PUNJAB: 117 seats, Congress majority
This is the victory of Amarinder Singh. Unlike state Congress bosses elsewhere, he is no non-entity, nor is he easily sidelined. The party had written him out of its script until 2 years ago, but he made a determined comeback, elbowing his way through to the PPCC presidentship after a long stand-off with the high command. Rahul Gandhi resisted naming him the Chief Minister candidate until days before the vote, and there were efforts until the end to undermine his leadership. But his goodwill with voters won the day.
Second, while Punjab clearly yearned for change, the road that the Aam Aadmi Party promised was paved with uncertainties. To voters, a tried, tested and known alternative was preferable to the lure of the unknown.
The government of Amarinder 2.0 will be different from the one in 2002-07 — the decisive victory will quell the factionalism within for at least some time, giving him a freer hand this time. He will have to deal with Navjot Singh Sidhu and his ambitions, though.
Finally, despite defeat in a battle the AAP believed was its to win, the party can take satisfaction from having become the main opposition. The relegation of the mighty Shiromani Akali Dal to third place is a huge development.
The big loser
There are three — the AAP as much as allies SAD and BJP. The AAP was billed to sweep Malwa, which has 69 seats, and with it, the state. A tally of 20 has put paid to AAP’s hopes of forming a government in a ‘full’ state.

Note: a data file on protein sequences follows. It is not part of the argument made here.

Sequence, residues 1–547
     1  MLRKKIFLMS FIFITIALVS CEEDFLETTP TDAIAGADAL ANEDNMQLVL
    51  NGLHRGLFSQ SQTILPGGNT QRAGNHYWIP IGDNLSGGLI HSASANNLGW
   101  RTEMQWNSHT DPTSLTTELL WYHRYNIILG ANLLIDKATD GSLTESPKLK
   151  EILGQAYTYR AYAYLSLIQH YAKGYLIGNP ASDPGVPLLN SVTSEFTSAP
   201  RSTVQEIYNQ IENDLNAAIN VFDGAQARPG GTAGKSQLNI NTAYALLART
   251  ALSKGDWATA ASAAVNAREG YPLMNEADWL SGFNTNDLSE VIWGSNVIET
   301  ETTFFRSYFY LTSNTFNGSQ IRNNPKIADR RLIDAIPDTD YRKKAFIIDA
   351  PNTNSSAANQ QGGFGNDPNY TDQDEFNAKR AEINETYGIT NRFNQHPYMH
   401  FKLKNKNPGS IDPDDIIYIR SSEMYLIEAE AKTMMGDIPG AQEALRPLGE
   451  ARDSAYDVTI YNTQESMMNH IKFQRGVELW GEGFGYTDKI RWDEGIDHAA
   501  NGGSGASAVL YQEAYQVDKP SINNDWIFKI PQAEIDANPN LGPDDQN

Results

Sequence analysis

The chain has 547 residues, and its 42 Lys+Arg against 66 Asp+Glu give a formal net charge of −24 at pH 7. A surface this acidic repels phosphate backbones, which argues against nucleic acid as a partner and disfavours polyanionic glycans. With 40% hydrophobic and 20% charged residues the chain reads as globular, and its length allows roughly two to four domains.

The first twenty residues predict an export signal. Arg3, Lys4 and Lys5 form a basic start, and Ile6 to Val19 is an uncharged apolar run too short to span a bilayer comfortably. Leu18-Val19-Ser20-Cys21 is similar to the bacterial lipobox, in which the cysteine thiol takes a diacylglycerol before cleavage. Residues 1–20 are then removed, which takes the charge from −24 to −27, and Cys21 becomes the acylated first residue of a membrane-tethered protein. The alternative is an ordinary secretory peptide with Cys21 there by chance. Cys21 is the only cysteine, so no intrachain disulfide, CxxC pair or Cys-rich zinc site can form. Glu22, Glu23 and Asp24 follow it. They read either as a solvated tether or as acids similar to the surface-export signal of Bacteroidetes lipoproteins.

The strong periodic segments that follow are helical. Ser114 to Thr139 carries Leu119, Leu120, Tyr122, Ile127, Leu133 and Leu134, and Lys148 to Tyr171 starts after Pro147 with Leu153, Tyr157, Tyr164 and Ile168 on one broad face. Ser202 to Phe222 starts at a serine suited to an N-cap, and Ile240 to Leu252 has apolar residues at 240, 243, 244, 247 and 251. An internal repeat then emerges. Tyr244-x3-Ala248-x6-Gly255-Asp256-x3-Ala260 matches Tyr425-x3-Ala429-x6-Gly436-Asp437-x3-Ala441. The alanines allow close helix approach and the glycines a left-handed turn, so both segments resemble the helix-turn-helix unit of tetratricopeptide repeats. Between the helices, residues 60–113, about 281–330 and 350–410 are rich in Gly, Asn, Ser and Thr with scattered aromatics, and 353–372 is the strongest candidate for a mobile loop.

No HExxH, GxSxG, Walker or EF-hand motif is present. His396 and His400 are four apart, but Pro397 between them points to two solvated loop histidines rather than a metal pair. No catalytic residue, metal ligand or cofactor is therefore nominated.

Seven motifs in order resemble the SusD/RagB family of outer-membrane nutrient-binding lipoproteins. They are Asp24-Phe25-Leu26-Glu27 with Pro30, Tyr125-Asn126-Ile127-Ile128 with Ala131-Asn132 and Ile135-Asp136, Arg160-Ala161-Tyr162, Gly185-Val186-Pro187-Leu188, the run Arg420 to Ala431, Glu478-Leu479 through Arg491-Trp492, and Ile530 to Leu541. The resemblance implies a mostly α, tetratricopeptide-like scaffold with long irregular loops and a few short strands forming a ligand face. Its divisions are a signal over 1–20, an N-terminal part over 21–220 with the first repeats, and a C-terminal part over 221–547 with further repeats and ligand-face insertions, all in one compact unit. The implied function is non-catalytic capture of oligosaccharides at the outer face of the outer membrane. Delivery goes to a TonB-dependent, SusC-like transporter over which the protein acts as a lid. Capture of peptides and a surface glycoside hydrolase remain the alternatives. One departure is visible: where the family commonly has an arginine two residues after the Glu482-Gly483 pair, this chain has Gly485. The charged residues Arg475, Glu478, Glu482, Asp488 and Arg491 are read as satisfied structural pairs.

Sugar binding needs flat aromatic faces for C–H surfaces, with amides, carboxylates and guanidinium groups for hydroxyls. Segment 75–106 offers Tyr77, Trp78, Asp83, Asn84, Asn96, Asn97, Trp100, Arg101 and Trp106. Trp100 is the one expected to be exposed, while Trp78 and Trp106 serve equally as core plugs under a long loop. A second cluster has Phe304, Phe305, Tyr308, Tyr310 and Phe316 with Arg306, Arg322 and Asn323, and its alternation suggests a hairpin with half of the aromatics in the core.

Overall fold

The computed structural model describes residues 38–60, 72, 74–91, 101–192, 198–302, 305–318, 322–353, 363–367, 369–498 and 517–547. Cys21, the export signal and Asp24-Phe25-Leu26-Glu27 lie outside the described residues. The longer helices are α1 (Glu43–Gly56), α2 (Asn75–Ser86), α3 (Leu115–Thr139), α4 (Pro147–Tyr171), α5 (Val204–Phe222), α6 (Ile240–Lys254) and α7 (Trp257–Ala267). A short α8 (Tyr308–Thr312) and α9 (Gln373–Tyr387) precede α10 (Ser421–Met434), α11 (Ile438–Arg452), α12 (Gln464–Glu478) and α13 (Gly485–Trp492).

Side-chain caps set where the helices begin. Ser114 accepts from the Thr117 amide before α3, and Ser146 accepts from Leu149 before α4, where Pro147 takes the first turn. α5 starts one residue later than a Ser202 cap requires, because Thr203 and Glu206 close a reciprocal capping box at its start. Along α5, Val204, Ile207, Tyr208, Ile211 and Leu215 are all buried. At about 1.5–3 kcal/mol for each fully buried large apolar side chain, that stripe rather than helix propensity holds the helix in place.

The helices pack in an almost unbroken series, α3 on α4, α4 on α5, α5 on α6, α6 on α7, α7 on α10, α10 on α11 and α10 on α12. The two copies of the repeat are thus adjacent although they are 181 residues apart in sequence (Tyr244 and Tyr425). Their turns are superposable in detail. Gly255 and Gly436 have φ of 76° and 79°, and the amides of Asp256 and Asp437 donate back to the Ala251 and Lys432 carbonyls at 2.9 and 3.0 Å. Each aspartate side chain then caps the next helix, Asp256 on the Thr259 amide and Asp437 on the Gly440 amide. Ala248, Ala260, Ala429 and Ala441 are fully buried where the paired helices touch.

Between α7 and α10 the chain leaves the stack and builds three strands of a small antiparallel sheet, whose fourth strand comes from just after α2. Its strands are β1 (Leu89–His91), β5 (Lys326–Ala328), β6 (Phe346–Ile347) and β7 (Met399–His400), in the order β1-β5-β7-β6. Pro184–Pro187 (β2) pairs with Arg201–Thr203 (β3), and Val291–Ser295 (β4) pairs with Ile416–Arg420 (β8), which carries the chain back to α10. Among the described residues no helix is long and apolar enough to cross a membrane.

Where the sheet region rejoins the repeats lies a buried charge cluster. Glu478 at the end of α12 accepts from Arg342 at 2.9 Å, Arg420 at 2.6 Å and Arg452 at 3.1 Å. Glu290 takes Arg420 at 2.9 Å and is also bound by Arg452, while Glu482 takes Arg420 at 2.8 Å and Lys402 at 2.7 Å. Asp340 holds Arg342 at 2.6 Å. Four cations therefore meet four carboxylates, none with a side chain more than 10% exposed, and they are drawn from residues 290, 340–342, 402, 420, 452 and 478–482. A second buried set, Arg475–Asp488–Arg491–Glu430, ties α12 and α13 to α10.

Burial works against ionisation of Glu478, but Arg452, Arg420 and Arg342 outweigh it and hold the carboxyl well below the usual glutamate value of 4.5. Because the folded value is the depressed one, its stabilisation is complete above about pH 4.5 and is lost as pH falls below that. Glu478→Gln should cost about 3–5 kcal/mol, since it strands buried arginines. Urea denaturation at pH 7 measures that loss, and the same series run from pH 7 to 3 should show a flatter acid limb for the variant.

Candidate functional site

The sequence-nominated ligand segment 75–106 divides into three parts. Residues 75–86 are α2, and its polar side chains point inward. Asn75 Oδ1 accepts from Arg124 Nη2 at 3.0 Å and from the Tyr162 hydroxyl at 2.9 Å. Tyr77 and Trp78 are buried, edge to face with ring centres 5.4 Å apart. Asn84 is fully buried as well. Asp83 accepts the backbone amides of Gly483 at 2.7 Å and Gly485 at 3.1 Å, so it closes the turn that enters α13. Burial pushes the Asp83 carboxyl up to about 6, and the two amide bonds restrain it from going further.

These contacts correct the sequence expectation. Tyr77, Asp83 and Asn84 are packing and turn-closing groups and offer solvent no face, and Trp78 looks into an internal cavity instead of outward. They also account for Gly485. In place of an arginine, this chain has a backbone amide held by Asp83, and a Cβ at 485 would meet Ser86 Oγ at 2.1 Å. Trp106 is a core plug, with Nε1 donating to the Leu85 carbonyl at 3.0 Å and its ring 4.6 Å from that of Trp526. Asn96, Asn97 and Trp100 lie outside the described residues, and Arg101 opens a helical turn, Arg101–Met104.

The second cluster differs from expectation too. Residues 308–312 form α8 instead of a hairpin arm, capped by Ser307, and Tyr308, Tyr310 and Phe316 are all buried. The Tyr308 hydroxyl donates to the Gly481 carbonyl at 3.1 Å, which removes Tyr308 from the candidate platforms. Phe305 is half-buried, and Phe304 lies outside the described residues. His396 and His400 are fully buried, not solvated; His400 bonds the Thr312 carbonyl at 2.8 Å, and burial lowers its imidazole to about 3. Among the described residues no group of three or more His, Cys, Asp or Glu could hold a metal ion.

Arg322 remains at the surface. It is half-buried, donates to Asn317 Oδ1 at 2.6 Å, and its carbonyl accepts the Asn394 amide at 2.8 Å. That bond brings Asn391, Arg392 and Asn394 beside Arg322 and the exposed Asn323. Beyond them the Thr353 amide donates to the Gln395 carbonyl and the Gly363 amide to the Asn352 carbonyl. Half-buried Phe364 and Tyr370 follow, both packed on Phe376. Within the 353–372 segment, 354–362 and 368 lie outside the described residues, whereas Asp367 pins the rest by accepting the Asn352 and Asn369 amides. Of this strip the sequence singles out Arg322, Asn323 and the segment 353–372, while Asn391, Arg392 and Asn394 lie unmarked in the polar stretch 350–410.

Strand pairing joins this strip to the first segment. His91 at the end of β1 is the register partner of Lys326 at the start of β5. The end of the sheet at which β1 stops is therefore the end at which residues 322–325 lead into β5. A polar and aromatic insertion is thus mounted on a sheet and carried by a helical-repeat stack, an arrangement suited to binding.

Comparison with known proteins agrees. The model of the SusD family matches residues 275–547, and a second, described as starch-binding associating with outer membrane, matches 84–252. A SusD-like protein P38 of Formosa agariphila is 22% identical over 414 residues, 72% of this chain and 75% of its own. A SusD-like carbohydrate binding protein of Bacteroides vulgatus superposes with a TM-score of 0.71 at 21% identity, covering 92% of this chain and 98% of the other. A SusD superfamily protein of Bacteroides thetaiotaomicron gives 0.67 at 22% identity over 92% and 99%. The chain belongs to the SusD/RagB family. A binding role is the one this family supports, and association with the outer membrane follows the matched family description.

Among voters’ concerns might have been AAP’s dalliance with radical elements — Arvind Kejriwal stayed at the house of a former Khalistani militant during the campaign, hoping clearly for the support of panthic lobbies. But for a majority of Sikhs in Punjab, perhaps even more so than for Hindus, the memory of radicalism is too recent and too painful to countenance such adventurism.
Also, a credible Sikh face might have given AAP a better shot. It worked hard to give the impression that people should vote thinking Kejriwal would be de facto CM and, in the process, created more uncertainty.
SAD president Sukhbir Badal’s “consummate” management skills failed. The party unleashed a massive number of expensive schemes in the last year of its rule, undertook big projects to win support from the 2 big Dalit blocs in Punjab, ran with the hares on panthic issues, and hunted with the hounds on security matters. In the closing days of the campaign, it even got the “enemy” of the panth, Dera Sacha Sauda, to ask Dera followers to vote for it. The move boomeranged, as SAD’s hardcore supporters were driven to AAP.
SAD’s breezy explanations to paper over problems from drugs to farm indebtedness, the conflicts of interest between Sukhbir’s role in government and his businesses, and the failure to credibly investigate incidents of desecration of the Guru Granth Sahib clearly angered voters. One of the BJP’s worst performances in Punjab owes much to its alliance with an unpopular party.
For AAP: the raging battle between its government in Delhi and the Centre is probably perceived with alarm even by those who may be sympathetic to it. Both the SAD and Congress flagged to voters the possibility of the threat to everything from credit limits and minimum support price for food procurement to defence and policing at the border should an AAP government decide to do a Delhi in Punjab.
For the Congress: A powerful and charismatic regional leader can make all the difference. Rahul Gandhi’s failure to deliver in election after election stresses the point further.
For the BJP: For reasons of its own further growth, the party is probably in a position now to consider striking out independently of its state allies — the experience with the Shiv Sena in Maharashtra could be instructive.
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